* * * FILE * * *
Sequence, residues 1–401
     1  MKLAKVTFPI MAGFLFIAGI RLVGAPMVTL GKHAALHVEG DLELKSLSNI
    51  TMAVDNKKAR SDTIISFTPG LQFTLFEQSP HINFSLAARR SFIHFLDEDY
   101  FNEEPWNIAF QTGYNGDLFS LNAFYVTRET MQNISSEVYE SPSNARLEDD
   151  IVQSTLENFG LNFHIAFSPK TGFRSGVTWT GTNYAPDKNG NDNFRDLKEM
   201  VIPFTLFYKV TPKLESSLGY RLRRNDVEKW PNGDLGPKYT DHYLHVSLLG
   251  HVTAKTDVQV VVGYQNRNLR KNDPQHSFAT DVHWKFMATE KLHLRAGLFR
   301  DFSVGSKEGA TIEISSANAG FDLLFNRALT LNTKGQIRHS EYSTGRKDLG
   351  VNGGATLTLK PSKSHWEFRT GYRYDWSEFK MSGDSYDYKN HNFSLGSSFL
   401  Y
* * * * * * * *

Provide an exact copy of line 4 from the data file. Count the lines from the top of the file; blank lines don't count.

   101  FNEEPWNIAF QTGYNGDLFS LNAFYVTRET MQNISSEVYE SPSNARLEDD